The committee also killed House Bill 35 from Carter that would have prohibited carbon sequestration projects in St. Helena Parish, and his proposal to hold industry responsible for damages resulting from carbon sequestration projects, House Bill 312, failed to advance from committee.
Two proposals from Rep. Sherman Mack, R-Albany, were also involuntarily deferred in the House Committee on Natural Resources. House Bill 435, would have allowed carbon capture projects only if emissions were stored in the Gulf of Mexico. House Bill 454 would have required a local election to approve carbon sequestration projects within a parish.
State leaders cheer carbon capture
While proposals to rein in carbon capture languished in the legislature, the state Senate passed a resolution urging the U.S. Environmental Protection Agency to grant the state’s request for primary enforcement authority in administering permitting for Class VI injection wells used in carbon sequestration.
The resolution, authored by Senate President Patrick Page Cortez, R-Lafayette, and co-authored by 27 senators present, heralded carbon capture as an “integral part” of the energy transition.
Gov. Edwards, too, has championed the technology as an important component of his climate initiatives. He was the keynote speaker at a Washington, D.C., forum in May on carbon capture and storage held by the Global CCS Institute, a think tank that aims to accelerate the use of CO2 sequestration.
Not only is Louisiana particularly vulnerable to climate change, but it also contributes significantly to emissions because of the prevalence of the fossil fuel and petrochemical industries, he said. Carbon capture could be the solution while also providing an economic boon to the state, according to the governor.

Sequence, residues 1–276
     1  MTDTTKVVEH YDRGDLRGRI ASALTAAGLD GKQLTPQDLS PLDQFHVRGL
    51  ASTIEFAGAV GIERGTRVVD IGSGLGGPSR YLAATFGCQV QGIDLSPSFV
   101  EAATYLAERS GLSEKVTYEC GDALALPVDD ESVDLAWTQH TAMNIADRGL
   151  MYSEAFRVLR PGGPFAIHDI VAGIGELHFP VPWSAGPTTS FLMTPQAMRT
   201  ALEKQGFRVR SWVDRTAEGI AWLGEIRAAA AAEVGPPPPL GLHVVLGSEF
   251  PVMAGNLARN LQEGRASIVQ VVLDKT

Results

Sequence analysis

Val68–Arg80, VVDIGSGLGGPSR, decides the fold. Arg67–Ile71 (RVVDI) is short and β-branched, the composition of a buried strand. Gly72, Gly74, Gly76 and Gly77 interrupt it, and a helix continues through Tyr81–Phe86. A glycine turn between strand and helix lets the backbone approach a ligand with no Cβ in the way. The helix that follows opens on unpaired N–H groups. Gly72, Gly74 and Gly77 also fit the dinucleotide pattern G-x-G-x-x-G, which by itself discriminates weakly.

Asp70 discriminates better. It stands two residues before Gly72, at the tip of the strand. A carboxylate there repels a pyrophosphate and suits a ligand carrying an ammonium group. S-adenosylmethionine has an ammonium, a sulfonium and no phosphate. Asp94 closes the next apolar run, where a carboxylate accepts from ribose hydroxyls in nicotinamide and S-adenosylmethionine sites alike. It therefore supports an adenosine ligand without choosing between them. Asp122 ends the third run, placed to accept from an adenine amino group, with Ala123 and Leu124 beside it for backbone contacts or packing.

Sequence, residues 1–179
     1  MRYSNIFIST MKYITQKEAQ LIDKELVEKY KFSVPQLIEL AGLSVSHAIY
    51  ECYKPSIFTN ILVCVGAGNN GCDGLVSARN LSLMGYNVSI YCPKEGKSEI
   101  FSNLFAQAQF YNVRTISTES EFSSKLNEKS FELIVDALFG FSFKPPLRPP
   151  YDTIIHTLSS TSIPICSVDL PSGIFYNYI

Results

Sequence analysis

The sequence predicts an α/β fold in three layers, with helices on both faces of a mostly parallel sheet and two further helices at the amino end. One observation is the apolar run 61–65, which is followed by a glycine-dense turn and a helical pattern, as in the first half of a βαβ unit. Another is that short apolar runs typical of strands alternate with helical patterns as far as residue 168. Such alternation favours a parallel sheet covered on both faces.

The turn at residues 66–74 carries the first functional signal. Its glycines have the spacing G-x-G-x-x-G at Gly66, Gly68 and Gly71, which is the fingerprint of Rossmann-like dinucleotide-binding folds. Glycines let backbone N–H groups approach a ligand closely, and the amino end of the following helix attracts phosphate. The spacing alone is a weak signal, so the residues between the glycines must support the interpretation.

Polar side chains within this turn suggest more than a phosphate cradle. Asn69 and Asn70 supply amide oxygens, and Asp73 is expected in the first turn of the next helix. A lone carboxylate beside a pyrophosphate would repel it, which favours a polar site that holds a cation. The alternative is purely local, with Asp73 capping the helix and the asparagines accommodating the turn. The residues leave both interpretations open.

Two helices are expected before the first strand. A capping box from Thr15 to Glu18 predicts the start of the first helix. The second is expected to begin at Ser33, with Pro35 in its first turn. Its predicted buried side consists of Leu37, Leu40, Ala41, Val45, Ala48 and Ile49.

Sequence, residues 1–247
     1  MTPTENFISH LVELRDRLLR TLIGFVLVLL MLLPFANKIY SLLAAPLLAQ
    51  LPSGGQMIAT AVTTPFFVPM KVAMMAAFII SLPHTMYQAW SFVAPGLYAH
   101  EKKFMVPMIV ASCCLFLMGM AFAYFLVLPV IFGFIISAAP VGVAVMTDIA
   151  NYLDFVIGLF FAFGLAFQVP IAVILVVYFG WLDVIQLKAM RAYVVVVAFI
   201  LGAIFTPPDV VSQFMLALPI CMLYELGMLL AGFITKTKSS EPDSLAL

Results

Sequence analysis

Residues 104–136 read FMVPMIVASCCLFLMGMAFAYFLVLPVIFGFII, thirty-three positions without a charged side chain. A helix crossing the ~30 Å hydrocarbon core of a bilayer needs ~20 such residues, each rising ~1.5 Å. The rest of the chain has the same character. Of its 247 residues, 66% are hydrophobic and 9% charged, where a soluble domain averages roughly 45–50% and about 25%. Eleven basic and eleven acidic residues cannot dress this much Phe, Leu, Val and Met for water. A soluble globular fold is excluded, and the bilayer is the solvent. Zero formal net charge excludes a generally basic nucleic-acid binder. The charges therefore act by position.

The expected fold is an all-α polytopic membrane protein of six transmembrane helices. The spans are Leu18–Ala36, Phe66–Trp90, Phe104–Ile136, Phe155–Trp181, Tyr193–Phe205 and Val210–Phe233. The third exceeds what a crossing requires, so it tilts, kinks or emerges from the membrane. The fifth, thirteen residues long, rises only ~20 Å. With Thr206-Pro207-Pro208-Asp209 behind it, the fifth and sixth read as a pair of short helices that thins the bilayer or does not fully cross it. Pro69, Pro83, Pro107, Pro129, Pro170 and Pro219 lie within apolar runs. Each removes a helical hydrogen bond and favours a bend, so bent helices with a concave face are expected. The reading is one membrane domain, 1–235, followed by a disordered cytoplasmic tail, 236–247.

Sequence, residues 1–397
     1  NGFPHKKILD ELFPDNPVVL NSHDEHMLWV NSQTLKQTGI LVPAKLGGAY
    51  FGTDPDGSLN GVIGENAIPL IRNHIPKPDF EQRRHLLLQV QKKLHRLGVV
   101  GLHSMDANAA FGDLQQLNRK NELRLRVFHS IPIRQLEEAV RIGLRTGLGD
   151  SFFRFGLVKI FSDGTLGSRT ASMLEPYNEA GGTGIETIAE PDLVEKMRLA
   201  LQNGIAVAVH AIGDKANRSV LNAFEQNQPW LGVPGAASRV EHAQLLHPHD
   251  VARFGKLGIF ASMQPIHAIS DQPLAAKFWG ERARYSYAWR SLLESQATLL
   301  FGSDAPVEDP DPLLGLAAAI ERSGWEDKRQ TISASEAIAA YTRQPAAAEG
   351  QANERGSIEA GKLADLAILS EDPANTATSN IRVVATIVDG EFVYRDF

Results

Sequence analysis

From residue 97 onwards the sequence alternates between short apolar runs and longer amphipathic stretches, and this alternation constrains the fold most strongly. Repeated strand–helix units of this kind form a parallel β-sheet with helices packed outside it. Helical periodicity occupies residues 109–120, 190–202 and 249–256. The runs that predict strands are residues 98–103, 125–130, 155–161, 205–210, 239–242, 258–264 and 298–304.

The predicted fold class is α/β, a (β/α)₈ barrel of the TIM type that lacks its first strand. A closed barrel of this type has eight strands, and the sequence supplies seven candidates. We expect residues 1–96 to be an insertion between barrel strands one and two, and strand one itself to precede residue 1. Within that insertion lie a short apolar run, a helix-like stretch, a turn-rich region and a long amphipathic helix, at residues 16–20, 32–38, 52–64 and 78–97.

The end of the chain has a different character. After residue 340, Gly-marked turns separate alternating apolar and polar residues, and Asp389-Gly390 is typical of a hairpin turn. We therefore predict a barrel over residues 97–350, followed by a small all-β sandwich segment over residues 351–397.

“We have approached this, our climate action plan in general but carbon capture storage in particular, as a real opportunity for Louisiana to attract the kind of investment in job creation that we all want for our state,” Edwards said. “And it happens to have this added benefit of allowing us to realize our climate action plan and meet our goals.”
Up in the air
With only a few hours left in the legislative session, a proposal from House Speaker Clay Schexnayder, R-Gonzales, could still be approved this session.
House Bill 571 would expand notice requirements for carbon sequestration projects. The state conservation commissioner must notify parish governing authorities of any completed permit applications for Class V and Class VI wells in their area.
It also expands the environmental analysis required in the permit for a Class VI well. Companies would have to answer several questions, such as if the project limits adverse environmental impacts as much as possible, how a cost-benefit analysis of environmental impacts versus social and economic benefits works out and if there’s an alternative site for the project that would offer more environmental protection.
Schexnayder’s bill has passed both chambers and is now in a conference committee after the House rejected the Senate amendments to the bill. Bills that come out of a conference committee must be approved by both chambers again before lawmakers adjourn for good at 6 p.m. Thursday.